After incubation, the liquid contents of the tube are aspirated and the radioactivity is determined in using the computerized gamma counter (ISOCOMP1-MGM) in Biological Applications Department at Nuclear Research Centre. The sensitivity of hormonal assay values was 5.0, 4.0, 3.2 and 4.0 pg mL1 for P4, T3, T4 and cortisol, respectively. The respective intra-and inter-assay coefficients of variation were 5.7 and 7.4% for P4, 7.2 and 8.5% for T3, 3.5 and 4.6% for T4 and 3.5 and 4.1% for cortisol, respectively.

Estimation of thermoregulatory parameters: Rectal temperature was recorded by inserting a digital clinical thermometer into the rectum for one minute. The skin temperature was measured at one location between the neck and loin on the body surface while the thermometer was fixed on the bare skin. The ear temperature was measured by placing the thermometer into direct contact with the central area of the ear. Respiration rate was measured when the rabbit was at rest by counting the number of breaths for one minute by counting how many times the chest has risen. Thermoregulatory parameters were estimated once at day 15 and at day 28 of pregnancy for the three experimental groups according to Habeeb et al.2.

Statistical analysis: Data were statistically analyzed using procedure of Statistical Package for the Social Sciences (SPSS)16 according the following model:

Yije = μ+Ti+Pj+TPij+eije

where, μ is the overall mean, Ti is the fixed effect of treatments (1 = Control, 2 = Ginger, 3 = Curcumin, Pj is the fixed effect of pregnancy day (1 = day 15, 2 = day 28), TPij is interaction between treatment and pregnancy day and eije is residual error. The significant differences among means were compared using Duncan's new multiple-range test17. Statistical differences between treatments in probability of the conception rate and mortality rate were conducted by Chi-square test and significant results were subsequently evaluated using the multiple Z-tests to compare corresponding proportions.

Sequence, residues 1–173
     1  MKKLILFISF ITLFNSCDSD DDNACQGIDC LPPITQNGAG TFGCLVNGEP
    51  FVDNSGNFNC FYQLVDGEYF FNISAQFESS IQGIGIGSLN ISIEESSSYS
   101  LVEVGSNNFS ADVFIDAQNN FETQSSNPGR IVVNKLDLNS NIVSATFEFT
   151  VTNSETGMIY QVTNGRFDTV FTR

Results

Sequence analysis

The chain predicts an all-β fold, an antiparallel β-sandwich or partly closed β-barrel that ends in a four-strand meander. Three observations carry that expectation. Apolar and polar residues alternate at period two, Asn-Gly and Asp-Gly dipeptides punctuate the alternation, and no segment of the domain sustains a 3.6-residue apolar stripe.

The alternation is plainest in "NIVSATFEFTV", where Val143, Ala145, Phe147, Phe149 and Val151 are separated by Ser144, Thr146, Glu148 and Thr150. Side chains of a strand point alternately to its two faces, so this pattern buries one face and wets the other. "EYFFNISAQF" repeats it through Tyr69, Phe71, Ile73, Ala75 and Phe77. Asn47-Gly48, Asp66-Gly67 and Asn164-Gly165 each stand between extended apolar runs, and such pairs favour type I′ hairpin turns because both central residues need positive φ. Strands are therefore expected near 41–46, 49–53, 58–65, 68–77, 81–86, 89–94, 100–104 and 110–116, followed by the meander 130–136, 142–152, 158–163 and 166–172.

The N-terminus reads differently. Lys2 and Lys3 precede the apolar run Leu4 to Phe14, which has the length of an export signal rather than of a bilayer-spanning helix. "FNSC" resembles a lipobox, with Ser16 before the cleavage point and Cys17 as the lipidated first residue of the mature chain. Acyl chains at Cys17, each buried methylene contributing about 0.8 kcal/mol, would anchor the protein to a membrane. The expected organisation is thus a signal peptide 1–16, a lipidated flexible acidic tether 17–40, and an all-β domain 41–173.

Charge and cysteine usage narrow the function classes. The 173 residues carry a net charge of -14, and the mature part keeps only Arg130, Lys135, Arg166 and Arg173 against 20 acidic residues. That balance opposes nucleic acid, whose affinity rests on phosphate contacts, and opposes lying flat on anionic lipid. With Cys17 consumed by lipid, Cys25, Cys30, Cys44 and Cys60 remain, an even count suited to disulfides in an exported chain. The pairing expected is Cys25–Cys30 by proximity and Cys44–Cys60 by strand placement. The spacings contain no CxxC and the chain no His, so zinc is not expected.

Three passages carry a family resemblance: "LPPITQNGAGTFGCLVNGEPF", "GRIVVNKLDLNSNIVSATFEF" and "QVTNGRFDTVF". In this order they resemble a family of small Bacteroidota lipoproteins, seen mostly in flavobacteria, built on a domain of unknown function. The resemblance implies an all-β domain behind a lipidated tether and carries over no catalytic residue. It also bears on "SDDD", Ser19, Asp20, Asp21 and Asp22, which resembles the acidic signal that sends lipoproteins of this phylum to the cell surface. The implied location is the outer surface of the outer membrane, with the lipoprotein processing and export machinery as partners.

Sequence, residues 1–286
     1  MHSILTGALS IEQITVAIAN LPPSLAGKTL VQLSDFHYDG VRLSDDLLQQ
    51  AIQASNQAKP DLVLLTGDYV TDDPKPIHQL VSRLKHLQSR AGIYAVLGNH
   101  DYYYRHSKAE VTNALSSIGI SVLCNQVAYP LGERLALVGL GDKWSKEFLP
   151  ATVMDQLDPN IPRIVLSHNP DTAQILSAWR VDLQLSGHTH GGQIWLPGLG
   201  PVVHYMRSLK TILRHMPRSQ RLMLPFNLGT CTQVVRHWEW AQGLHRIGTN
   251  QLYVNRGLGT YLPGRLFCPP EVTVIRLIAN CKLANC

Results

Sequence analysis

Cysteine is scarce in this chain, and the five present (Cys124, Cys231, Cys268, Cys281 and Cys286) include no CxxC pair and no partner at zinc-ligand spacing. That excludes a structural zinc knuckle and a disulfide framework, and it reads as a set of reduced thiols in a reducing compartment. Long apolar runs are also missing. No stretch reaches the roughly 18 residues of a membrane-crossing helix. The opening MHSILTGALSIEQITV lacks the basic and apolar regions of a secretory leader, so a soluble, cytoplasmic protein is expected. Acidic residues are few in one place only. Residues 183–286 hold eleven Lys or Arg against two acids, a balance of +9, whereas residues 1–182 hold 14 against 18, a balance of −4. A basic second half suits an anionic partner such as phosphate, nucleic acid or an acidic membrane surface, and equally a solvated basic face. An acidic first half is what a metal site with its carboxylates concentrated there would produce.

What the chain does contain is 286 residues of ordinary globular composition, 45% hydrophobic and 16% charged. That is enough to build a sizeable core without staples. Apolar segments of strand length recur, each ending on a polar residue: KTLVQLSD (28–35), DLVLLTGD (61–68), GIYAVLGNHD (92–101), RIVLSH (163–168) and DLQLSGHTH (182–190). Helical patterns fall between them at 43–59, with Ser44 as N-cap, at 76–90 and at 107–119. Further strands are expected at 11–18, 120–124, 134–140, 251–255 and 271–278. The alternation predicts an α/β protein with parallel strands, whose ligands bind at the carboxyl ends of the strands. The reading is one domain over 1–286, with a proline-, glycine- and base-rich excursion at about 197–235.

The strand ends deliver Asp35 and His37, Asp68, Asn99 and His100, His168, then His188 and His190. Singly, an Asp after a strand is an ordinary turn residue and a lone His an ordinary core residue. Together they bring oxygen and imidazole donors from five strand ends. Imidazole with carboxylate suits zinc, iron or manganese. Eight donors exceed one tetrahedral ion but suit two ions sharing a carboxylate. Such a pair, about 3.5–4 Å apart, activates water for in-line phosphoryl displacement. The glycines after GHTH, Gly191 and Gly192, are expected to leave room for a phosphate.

RESULTS

Effect of ginger and curcumin treatments on conception rate in rabbits: Supplemented pregnant female rabbits diet with ginger improved (p<0.01) conception rate (CR) from 53.3% to reach 80% and supplementation with curcumin increased (p<0.01) CR to reach 73%. The improvements in CR due to supplementation with ginger and curcumin were 50 and 37%, respectively compared with CR of pregnant rabbits not received any supplement (Table 3).

Effect of ginger and curcumin treatments on total kits born, litter weight at both birthing and at weaning and mortality rate: Total kits born at birth increased (p<0.001) by 85.7 and 77.1% due to supplement of ginger and curcumin in the diet of pregnant rabbits compared with the control group. Total kits at weaning increased (p<0.001) by 96 and 86% due to supplement of ginger and curcumin in the diet of pregnant rabbits compared with the control group. Litter size per animal increased in ginger and curcumin treated groups both at birth and weening as compared to control group. Same trends were followed by increase in average kit weight and litter weight per animal both at birth and weening. In addition, morality rate decreased (p<0.02) by 23.0% and 19.5 due to ginger and curcumin treatments, respectively, compared with the control group (Table 4).

Effect of ginger and curcumin on feed intake and water consumption: The overall treatment effect showed that live body weight (LBW), feed intake (FI) and feed /water ratio (F/W) ratio increased and decreased water consumption due to supplemented diets of rabbits with ginger or curcumin.

Table 3: Effect of ginger and curcumin treatments on conception rate
Image for - Impact of Some Medicinal Plants Supplement on Pregnant Rabbits Diet During Hot Summer Season